Tuesday, July 27, 2021
Tuesday, July 27, 2021
Much of the world has come out of hibernation and all of us “two-dose” recipients are feeling happy and safe and trying to make up for a lost year. Unfortunately, we’re all shooting for the same thing at the same time—build the new home, take the family camping, fly fish the waters we’ve always dreamed of. Live more, work less.
I got the traveling Jones back in April, climbed aboard an Alaska Airlines jet, and a few hours later was checking into a quaint hotel in Ketchikan. The next day I landed in Petersburg and stepped onto an exquisite 68-foot yacht, the Hawkeye II. I spent the next five days with friends, under full sunshine, cruising the Inside Passage, stopping here or there to prospect rivers for wild steelhead and sea-run cutthroats.
I can say, it was good to be out of the house, talking to people, seeing new waters, being free. Free from quarantines, free from masks, free from the news and the digital madness we live with each day. There was no internet connection on the Hawkeye II. No way to update a blog, or answer emails, or post to Instagram or Facebook. I had my eyes and landscape, a Moleskine and a pen.
One day I climbed to the top deck, took off my shirt and baked in the rare Southeast Alaska sun, perfectly comfortable despite cool coastal air and random icebergs gliding by. I drifted in and out of sleep, recalling my youth in Southeast, all the good times with family and closest friends. We’ve lost a few of those Petersburg people lately. My parents are aging. Myself, and my sister, too. Who isn’t?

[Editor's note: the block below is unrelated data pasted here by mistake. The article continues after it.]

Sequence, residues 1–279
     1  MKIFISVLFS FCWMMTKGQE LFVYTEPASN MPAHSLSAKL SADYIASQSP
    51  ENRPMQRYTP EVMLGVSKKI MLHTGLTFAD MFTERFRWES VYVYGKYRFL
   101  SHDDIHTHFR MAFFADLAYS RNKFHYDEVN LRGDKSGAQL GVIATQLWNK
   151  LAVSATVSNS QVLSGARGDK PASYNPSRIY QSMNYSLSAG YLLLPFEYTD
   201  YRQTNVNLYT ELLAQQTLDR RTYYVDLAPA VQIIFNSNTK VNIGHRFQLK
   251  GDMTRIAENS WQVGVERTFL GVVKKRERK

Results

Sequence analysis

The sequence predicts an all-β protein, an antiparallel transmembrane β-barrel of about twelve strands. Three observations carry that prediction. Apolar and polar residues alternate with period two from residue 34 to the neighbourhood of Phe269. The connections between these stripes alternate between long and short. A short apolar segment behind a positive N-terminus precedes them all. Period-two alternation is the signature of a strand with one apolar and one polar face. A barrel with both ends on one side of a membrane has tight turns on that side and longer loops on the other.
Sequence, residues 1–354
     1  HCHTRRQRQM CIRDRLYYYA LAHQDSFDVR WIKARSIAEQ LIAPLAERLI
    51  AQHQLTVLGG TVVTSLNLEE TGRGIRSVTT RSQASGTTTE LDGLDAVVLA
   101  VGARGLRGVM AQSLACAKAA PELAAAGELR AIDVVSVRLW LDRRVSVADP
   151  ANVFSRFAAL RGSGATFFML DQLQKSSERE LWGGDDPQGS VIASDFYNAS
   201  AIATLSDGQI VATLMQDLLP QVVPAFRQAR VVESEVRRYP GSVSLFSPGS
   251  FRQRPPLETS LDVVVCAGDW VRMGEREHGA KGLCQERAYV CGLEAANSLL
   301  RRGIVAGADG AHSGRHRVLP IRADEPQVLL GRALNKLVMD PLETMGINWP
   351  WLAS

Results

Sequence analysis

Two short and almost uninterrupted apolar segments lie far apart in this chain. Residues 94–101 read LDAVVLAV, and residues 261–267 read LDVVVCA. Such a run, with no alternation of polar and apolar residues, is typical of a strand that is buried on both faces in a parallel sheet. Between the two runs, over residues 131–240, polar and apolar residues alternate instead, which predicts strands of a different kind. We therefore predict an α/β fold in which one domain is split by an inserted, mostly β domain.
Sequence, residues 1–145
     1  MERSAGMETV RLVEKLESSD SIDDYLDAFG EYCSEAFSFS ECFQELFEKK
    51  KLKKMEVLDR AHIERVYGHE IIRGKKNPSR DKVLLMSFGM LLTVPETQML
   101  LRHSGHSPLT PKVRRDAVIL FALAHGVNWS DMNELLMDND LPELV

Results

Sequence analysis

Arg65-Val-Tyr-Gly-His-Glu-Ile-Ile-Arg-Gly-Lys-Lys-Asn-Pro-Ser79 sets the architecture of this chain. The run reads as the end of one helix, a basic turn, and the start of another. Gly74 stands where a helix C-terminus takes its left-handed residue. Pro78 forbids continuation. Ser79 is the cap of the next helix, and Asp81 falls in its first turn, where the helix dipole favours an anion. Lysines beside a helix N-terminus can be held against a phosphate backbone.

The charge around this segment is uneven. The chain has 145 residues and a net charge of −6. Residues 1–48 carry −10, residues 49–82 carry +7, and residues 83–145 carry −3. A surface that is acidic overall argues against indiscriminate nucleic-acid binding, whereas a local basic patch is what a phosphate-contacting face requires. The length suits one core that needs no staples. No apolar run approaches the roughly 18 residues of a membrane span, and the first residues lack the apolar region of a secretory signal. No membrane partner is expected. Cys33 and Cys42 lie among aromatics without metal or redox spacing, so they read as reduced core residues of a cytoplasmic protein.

With a clear head and time to think, the Covid year suddenly appeared as a major dividing line in life, like a high school or college graduation, a 30th, 40th or 50th birthday. There was life before Covid and now there would be a life after. I whittled down the dominant themes, closed my eyes and wondered, What’s next? I pictured the future, considered where my focus should be. Then I picked up the Moleskine and wrote:
I’m not sure what these lists say about myself—am I boring and old fashioned or have I lived right?—but the simple process of hitting reset gave me a sense of direction. It was Alaska in April. It was northeastern Washington in May. By the time you read this I’ll have fished the Kvichak for rainbows. Then summer in the Rockies with my dad. Fall will be all about Pacific Northwest steelhead. And next spring, if all goes as planned, I hope to be back aboard the Hawkeye II, with my daughters, minus their cell phones, cruising through the Inside Passage.
I’ve got my path outlined. You might want to do the same. A week on the water, passing through wild landscapes, free from the daily clutter, has a way of putting things in perspective. —Greg Thomas